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Diagnosis Day, Part One: A Lesson in Gratitude

Diagnosis Day, Part One:  A Lesson in GratitudeNo one wants to be told he or she has cancer.  The initial lack of control and feelings of helplessness are often traumatic experiences. The usual reactions are anger, depression and terror-laced anxiety.

While survival rates for many cancers have improved, there are quality of life issues following the diagnosis, including the emotional difficulty of coping with the anniversary date.  Survival rates are measured in 1-, 5- and 10-year markers.  This often creates an emotional conflict as the diagnosis date approaches.  Each year provides a measure both of success and trepidation.  Diagnosis day is when the war on cancer begins in your body.  It is sometimes shortened to military lingo for the day an attack or operation is launched: D-Day.

As with most traumas, people can tell you the vivid details of their diagnosis. They remember the time, what was said, what they did, and what they felt.  D-day is etched in their psyche, and as the anniversary date approaches, so does the anxiety.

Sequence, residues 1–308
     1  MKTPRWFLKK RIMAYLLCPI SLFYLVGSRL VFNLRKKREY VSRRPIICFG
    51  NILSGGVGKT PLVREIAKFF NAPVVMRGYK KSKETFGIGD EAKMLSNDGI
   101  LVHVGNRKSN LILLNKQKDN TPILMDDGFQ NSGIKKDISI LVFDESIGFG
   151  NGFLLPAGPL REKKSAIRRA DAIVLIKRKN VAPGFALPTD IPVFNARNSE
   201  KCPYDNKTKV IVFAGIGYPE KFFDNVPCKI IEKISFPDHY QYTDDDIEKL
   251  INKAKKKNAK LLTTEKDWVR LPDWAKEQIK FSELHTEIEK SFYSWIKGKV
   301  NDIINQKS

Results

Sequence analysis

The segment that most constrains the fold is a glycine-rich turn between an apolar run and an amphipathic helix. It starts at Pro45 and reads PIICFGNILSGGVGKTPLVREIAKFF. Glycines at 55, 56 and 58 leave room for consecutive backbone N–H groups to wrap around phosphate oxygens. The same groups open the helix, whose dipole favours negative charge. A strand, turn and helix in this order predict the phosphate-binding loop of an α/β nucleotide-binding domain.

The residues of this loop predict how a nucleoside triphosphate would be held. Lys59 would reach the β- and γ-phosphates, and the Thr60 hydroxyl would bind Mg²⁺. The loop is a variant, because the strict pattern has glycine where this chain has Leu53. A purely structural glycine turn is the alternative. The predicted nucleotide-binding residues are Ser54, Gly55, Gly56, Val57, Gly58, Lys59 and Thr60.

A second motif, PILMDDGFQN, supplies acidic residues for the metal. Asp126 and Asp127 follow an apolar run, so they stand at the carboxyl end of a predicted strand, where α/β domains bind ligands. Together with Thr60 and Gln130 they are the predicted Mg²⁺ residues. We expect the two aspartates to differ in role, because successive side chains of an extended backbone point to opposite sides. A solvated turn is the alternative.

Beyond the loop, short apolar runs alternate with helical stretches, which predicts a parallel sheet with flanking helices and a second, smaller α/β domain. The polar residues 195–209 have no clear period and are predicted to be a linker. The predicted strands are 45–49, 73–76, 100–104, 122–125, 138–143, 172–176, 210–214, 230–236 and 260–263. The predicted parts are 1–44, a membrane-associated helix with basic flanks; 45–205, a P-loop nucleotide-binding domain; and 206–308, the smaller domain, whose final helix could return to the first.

But one woman, Jen Cunningham Butler, has done something different. In honor of breast cancer awareness month I wanted to tell you her story.

“I called home to see if the biopsy results are in,” she says. “The doctor tells me to page him.  I do.  He tells me: You have breast cancer.”

“I was in my office about to walk out into the adolescent hum of opening night of the eighth-grade play,” she continues. “The seventh-grade ushers were waiting for me and their final instructions before parents and friends arrived. They needed me to help them, and I needed to drive home and tell my husband I had cancer. Dr Meyer had given me the number for Larry Shulman, head of breast oncology at Dana-Farber Cancer Institute. “In the event of an emergency please page me at…”

I hung up. Was this an emergency?

Proof Positive

When I reached Larry he pulled up the pathology on his computer: “It’s invasive,” he told me. We agreed to speak the next morning to form a plan. I got ready to go out into the hall, trying to figure out what to do next.

It was Tuesday, March 8, 2005. 5:30 pm.

Over the next several days, weeks and months Jen lived in two different worlds of coping with work and home and the agony of additional biopsies, MRIs, CT scans then the surgery, the radiation, and the recovery.

“I could tell you of moments of jagged fear, the comfort of “to do” lists, the beauty of the people who steadied me,” she told me. “I could tell you how simply breathing became a gift of release and how the things I could do physically, like riding my bike (even though I was slow) with my cycling friends, calmed and settled me.”